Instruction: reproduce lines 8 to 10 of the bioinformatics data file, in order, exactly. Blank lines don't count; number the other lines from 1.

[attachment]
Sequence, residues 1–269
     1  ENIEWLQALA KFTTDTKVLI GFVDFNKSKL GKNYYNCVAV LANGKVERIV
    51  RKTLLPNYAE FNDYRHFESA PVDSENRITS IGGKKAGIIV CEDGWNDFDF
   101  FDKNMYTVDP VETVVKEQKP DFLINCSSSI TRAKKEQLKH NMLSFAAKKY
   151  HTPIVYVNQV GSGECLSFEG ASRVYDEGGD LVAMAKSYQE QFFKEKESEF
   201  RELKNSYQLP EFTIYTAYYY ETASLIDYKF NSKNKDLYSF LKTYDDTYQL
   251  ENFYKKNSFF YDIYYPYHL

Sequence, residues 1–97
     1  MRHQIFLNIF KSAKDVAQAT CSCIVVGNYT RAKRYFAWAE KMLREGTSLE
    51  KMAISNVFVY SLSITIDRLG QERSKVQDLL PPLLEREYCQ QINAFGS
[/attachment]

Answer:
Sequence, residues 1–97
     1  MRHQIFLNIF KSAKDVAQAT CSCIVVGNYT RAKRYFAWAE KMLREGTSLE
    51  KMAISNVFVY SLSITIDRLG QERSKVQDLL PPLLEREYCQ QINAFGS